Monday, 3 November 2008

Teaching Children....Again

On Saturday morning I started my first private tutoring job. A prospective student had visited one of my English Corners at Web, and recommended me to her friend, Crystal, an English teacher. She emailed me asking if I would be interested in helping a group of eight primary school children practise what she has been teaching them in class. It would be one hour a week on Saturdays at 10:15 am.

I thought about how much I really didn't want to work on my days off as we are sometimes worked to the bone at Web. I was considering turning down the offer when I thought about the experience, the possibility of getting my name out there for more work, and the fact it was only one hour. I sent a reply to her email telling her I'd give it a go.

On the day, I arrived at the meeting place -- outside a restaurant -- a little tired from the Halloween party the night before. I received a call from Crystal telling me that "she had sent two girls to get me". This sounded a bit ominous, I thought we might be going inside the restaurant. Seconds later two young girls came running up to me shouting hello. "This could be them" I thought.

We walked away from the restaurant, turned a corner, and entered an apartment building. After climbing a few floors we came to Crystals home. She welcomed us in with a big smile, and even said I could keep my shoes on -- usually they're off at the door in China.  I was directed to a chair positioned in front of a whiteboard in her living room. As she had mentioned there were eight children (5 girls and 3 boys). Also, a few of the parents had decided to stay for the class. I was a little nervous by this point, everything was new and nobody knew me.

I sat down and she told me, "you can just pretend it is like an English corner". At that very moment I realised I had not planned a thing to say to these students. I panicked for about a second, but then somehow my autopilot kicked in. I introduced myself, and started talking and writing on the board. Then I had a shock, they started talking back to me too.

I have become so accustomed to students of a certain age who are not willing to speak English, that to be sitting in a room with 10-14 year olds who actually want to speak English was quite refreshing. All of them answered questions and understood the vocabulary and grammar I was using. I was impressed, these children were better than half of my fully grown students at Web. It was genuinely a joy to be with them for an hour, and in no time the class was over. I didn't look at the clock once.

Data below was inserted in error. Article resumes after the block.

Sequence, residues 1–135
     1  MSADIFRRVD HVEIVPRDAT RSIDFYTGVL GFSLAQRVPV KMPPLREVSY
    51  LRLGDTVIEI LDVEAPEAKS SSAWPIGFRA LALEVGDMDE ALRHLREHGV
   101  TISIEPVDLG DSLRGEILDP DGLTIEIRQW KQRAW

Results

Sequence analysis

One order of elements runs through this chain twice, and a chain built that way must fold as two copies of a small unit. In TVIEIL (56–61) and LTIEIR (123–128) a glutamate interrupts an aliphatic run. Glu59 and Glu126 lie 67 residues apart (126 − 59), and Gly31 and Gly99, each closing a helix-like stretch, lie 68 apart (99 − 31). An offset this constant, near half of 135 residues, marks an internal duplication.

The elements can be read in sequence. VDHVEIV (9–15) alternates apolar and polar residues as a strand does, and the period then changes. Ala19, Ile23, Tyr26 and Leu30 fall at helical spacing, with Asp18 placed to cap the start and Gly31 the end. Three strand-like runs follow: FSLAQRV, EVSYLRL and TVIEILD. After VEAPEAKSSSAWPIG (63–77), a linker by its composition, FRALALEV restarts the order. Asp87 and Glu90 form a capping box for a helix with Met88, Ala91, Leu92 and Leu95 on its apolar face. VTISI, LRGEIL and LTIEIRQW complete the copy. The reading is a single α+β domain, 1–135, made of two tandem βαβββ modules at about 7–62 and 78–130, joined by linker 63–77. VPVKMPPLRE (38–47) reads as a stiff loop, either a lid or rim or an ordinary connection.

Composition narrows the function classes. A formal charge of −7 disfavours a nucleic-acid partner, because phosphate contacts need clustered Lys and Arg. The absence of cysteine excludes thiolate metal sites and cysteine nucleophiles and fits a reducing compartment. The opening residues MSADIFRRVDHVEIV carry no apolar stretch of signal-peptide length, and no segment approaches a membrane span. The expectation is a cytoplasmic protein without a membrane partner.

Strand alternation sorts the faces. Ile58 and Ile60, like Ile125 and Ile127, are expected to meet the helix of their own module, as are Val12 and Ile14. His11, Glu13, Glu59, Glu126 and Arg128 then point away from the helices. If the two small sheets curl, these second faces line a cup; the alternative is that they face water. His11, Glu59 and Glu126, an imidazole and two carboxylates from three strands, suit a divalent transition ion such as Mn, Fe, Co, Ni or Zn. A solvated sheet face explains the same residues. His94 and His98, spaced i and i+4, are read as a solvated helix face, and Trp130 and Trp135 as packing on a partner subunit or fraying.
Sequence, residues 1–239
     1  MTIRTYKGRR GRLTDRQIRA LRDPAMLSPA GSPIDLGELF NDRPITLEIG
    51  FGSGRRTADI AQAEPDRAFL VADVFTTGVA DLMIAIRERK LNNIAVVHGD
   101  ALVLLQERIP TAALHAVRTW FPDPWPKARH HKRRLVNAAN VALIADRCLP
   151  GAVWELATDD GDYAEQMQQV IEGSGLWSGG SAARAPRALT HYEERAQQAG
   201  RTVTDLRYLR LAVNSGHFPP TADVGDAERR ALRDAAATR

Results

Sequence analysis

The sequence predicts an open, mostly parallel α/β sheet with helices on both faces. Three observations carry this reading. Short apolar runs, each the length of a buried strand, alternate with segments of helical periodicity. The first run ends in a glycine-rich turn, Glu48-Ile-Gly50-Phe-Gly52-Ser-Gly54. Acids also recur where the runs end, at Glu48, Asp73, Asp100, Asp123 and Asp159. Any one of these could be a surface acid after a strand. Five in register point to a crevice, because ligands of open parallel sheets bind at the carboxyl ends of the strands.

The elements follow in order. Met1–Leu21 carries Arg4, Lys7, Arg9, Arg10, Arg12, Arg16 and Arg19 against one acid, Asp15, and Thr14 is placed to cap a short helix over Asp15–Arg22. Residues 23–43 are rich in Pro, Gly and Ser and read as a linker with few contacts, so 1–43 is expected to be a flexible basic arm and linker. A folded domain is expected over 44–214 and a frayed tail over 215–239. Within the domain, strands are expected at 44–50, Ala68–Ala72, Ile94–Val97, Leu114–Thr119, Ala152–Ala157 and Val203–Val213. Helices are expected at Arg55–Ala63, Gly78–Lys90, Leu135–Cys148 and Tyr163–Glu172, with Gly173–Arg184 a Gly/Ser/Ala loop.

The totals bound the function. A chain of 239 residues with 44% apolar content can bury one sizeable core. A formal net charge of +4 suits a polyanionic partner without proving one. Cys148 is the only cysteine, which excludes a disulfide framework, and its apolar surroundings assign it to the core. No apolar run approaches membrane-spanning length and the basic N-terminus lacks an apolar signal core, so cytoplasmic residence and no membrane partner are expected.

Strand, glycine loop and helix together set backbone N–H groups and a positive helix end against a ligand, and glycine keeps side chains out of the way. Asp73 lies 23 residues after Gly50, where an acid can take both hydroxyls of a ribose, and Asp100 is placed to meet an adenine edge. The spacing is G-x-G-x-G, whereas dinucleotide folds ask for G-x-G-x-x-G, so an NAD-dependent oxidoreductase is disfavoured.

Crystal invited me, with the children, to go to a Sichuan restaurant, this was a good sign, they didn't want to say goodbye and good riddance. As we were walking out she told me that I was just the teacher they had been looking for. I felt very flattered and relieved that they thought the class was a success. I could not have done a class like that a year ago with such comfort and ease.  I feel that I really have learnt a set of important skills in my time here in China, none of it has been a waste.

The last time I taught children was in Hangzhou (from August 2007 to January 2008). They were a few years younger than the children I am teaching now -- and much more difficult to handle. When I worked in the kindergarten it was quite exhausting, and I could never agree with teaching 5 year old children up to 7 o'clock at night. The kids were mainly brilliant, but very often me and Bobby -- an American anaesthesiologist who came to China with his wife and three children -- had no idea what we should be doing for classes. There was no guidance or help from anybody, we were just thrown in at the deep end.

I remember going on an outing with my classes to pick oranges in a farm just outside of Hangzhou. I am in complete disbelief that this was almost one year ago to the day (I remember being incredibly ill a couple of days right after this).